The medical device industry is expected to be one of Japan’s few growth industries. That was proved at the recent MEDTEC Japan, where more than 7300 attendees were avidly sourcing opportunities in this promising market, writes Miki Anzai, Associate Editor of Japan Medical Design & Manufacturing Technology.
Held in Yokohama on 29 and 30 June, MEDTEC Japan registered a 25% increase in the number of exhibitors, who numbered 275, compared with last year.
The high turnout showed that domestic and foreign companies alike are steadfast in their belief that the Japanese medtech market has the potential to grow, even after the massive earthquake and tsunami that struck the northeastern part of the country in March. Some attendees were frankly astonished by this vote of confidence.
“I was surprised to see so many companies trying to expand their business in the medtech industry under such circumstances,” says Masayuki Ohara, a manager of the Medical Health Service Group (MHS) of TÜV SÜD Japan. A speaker at the accompanying conference, Ohara presented a session on coping with regulatory hurdles when entering the market. “It reconfirmed that the medtech industry is one of the few promising fields where we can expect growth.”
Medical and healthcare-related industries, in fact, are key prospects for growth in Japan. According to the McKinsey Global Institute, the median age in Japan will rise to 50 by 2024, 12 years older than in the United States, and heads of household aged 65 and older will represent 29% of the population by 2024.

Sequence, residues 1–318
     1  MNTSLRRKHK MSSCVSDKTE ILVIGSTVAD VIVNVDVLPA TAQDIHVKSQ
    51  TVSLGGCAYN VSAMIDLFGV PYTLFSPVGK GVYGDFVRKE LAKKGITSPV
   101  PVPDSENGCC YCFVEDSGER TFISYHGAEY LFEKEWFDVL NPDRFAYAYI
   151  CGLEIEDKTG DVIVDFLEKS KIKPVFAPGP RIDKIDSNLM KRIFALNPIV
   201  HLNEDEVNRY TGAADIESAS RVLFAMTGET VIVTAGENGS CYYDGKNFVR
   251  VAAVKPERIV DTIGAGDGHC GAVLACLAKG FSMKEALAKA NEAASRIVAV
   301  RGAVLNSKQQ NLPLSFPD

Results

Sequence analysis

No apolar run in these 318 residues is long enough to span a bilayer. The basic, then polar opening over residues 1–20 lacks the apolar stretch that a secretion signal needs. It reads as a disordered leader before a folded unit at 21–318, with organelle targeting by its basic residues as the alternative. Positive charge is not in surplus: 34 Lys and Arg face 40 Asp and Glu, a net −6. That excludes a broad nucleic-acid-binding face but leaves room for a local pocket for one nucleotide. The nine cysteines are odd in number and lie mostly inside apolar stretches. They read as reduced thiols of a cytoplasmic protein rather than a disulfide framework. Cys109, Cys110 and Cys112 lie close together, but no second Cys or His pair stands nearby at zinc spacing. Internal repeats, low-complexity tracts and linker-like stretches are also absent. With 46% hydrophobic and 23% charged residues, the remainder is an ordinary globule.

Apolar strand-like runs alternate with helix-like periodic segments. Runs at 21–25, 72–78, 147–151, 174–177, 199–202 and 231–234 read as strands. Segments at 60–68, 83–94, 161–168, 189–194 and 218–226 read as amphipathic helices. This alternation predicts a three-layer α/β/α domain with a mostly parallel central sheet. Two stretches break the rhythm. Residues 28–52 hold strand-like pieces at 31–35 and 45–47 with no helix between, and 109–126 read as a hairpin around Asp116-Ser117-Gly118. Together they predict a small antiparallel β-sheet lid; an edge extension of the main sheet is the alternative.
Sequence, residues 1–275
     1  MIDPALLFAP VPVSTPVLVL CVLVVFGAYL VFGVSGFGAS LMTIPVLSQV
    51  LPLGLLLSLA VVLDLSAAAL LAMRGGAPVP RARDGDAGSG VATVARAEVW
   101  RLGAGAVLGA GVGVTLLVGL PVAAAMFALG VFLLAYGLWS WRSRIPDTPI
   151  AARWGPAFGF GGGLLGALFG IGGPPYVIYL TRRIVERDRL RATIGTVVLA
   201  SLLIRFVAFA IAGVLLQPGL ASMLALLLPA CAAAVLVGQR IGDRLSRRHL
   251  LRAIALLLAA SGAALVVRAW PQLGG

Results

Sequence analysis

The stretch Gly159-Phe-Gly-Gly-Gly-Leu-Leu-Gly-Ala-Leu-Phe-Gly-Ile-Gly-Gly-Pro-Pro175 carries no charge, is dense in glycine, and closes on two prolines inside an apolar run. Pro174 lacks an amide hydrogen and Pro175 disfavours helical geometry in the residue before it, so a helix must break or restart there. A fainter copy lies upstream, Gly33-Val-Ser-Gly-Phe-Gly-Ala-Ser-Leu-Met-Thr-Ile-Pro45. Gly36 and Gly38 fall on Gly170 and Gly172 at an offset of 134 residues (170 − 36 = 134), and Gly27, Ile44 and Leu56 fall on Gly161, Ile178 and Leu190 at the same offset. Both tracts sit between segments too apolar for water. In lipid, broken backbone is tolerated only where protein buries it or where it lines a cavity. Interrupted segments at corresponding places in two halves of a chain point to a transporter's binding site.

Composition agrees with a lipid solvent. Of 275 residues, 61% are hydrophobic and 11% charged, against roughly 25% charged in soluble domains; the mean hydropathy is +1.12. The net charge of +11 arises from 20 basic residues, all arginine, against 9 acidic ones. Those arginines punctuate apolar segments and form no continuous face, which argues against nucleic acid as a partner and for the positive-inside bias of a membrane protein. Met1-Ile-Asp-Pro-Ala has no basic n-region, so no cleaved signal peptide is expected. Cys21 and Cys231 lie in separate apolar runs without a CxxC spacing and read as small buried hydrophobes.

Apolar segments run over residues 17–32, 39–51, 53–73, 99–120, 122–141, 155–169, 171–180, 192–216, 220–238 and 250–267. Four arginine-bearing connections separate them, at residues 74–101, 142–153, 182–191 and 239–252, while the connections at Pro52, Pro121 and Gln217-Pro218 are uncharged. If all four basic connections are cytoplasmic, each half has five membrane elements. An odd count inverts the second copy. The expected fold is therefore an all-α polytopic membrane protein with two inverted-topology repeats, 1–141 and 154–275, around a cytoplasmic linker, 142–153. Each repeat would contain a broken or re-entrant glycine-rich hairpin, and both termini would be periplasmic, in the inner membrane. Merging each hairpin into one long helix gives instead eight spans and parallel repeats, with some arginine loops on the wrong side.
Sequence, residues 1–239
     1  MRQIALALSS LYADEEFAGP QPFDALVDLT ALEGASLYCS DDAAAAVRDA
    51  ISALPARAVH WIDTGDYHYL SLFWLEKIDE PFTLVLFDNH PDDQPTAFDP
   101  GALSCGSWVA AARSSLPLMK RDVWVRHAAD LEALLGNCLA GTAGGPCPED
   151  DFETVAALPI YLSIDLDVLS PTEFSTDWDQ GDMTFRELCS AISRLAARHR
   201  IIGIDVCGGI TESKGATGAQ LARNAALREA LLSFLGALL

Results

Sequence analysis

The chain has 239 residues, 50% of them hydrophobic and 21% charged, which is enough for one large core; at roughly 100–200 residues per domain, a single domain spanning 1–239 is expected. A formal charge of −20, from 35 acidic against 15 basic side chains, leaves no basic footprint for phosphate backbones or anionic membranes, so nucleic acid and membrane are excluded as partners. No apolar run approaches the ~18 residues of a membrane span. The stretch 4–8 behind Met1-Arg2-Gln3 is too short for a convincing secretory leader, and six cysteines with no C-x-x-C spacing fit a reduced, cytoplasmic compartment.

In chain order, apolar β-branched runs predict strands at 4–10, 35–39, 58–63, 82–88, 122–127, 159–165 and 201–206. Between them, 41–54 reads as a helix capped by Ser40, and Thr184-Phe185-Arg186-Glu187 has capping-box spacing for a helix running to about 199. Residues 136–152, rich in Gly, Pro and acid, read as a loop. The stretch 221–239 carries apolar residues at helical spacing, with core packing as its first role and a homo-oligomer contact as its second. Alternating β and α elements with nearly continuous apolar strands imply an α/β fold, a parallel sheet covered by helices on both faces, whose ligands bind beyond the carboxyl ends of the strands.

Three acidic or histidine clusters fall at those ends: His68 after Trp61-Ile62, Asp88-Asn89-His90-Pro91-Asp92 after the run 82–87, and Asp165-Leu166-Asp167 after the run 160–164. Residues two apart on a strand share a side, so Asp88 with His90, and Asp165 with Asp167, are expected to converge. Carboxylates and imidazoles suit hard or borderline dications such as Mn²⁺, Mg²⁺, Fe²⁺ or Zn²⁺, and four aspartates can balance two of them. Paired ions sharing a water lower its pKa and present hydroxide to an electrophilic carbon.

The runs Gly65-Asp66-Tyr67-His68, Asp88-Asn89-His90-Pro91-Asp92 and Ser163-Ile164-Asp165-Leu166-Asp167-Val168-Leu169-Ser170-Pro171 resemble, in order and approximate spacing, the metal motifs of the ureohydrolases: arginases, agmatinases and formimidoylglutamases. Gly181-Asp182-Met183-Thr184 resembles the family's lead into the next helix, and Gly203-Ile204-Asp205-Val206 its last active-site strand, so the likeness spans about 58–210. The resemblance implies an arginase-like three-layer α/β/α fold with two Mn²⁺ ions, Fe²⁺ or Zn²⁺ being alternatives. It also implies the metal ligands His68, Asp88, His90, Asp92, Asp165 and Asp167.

To move towards a more demand-led growth strategy, the Japanese government established a strategic council in January to promote medical innovation, a key policy goal under the nation’s new growth strategy. The government is also making efforts to improve the regulatory system to encourage exports and secure a more stable supply of medical devices.
“The situation has become extremely favourable for the medical device industry,” says Kio Nakamura, Assistant Marketing Manager at Sensirion Japan Co., whose humidity sensors, liquid flow sensors and differential pressure sensors were popular items among show visitors. “We’ve just started to promote our products to the medtech industry in Japan, and the show was a wonderful opportunity for us to cultivate prospective clients.”
To accommodate surging exhibitor interest, MEDTEC Japan will offer more exhibition space next year. The show, which is scheduled for 18 and 19 April 2012, will have three additional floors. The show is produced by UBM Canon, which also maintains this blog.
Japan’s medical technology market, which is valued at approximately US$34 billion, represents roughly 11% of the global market. It is the third largest medical device market in the world after the United States and the European Union. During the past 25 years, the size of Japan’s medtech market has doubled. While the market share of domestically made devices has been largely flat, imports have soared, creating a medical device trade deficit of US$7 billion.Miki Anzai